8 Ways you’ve been brushing your teeth all wrong

We all think that brushing our teeth is not a difficult task, but it turns out that it is and we’ve been brushing our teeth wrong. And putting our oral hygiene at risk by making tooth brushing mistakes is a lot easier.

You’re not brushing your teeth for long enough

It is recommended by the American Dental Association that we brush our teeth for two minutes, but many people do it shorter than 2 minutes. It is said by a professor of restorative dentistry, called Ed Hewlett that different studies have timed people brushing their teeth and they were asked for how long did they brushed their teeth, and they answered for a couple of minutes, but maybe even less than half a minute. You can use an electric toothbrush that beeps when you have reached two minutes, or you can use a timer on your phone.

Here are ten secrets to keep your teeth white and healthy!

You’re brushing too hard;

If you brush your teeth too hard, you’re not doing any good. Dr. Hewlett said that when you press hard against your teeth and gums, you get a satisfying sensation that you’re really getting the teeth clean, but it is not like that. The reason why you brush your teeth is to remove a plaque – a bacterial film – which can be sticky, but soft. Dr. Hewlett also said that by pushing too hard you can overstress your gum tissue and that can expose a part of your tooth’s root which is more susceptible to cavities than the hard enamel part of the tooth.

Your angle is off;

If you want to brush your teeth like you should, then you need to hold the toothbrush at a 45-degree angle – upward for your top teeth and downward for your bottom teeth. In that way, the bristles can sweep and clean under the gum line. You need to gently brush your teeth in small circles. An exception to this is if you have an electric sonic toothbrush which is designed to go straight on the tooth.

Your toothbrush bristles are too firm;

If you want to find “firm” and “medium” bristles, that can be a little harder. Some bristles can be way too harsh for your teeth and gums, and most dentists do not recommend them, they instead recommend choosing soft or ultra-soft bristles that can gently get down under the gum line.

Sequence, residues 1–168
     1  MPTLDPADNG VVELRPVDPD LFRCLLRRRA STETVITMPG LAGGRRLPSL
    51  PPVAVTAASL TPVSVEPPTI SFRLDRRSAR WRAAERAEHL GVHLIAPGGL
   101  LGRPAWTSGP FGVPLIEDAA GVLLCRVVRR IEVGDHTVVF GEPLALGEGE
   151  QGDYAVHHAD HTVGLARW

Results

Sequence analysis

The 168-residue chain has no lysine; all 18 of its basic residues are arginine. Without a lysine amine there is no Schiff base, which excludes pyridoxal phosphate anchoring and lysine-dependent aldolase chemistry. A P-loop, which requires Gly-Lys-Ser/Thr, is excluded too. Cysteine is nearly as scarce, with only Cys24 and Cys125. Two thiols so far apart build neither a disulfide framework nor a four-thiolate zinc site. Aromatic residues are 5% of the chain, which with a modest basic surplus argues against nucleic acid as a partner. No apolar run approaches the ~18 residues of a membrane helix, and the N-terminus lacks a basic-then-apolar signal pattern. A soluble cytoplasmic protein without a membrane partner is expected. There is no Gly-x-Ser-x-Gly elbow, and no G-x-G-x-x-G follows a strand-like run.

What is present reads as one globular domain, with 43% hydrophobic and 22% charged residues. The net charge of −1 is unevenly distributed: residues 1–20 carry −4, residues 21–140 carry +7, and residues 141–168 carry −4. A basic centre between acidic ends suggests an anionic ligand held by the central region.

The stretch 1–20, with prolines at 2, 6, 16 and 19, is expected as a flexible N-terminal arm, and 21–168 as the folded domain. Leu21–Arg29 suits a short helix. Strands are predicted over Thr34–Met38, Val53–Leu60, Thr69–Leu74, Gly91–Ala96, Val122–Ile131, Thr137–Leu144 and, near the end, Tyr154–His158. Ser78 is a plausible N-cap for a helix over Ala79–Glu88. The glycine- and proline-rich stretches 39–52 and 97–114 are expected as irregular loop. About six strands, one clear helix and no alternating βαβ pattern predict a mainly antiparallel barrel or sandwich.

Your toothbrush head is too big;

You need to have a toothbrush that fits your mouth comfortably. But if you have a large mouth, a compact brush head is better at helping you access those hard-to-reach and hard-to-see molars.

You’ve had the same toothbrush since last year;

When you angle your brush to 45 degrees, if your bristles are splayed out, bent, and curved, they do not point in the right direction. That means it is time for you to treat yourself to a new toothbrush. Dr. Hewlett says that it is best if you do this every three months.

You don’t consider flossing mandatory;

A survey showed that only 41 percent of Americans floss their teeth at least once a day, while 20 percent never break out the dental floss. But Dr. Hewlett says that brushing is not enough because toothbrushes reach only a little between the teeth, but do not remove all of the plaque, and here is where flossing come in handy. If you are not a fan of flossing, you can try an interdental cleaner, such as an electric flosser, a bristled dental pick or wooden dental sticks.

You think it’s no big deal to skip brushing your teeth before bed now and then;

But it can be a big deal and it is! If you brush twice daily with fluoride toothpaste and floss once per day, 98 percent of all dental disease can be avoided along with having regular check-ups with your dentist.

 

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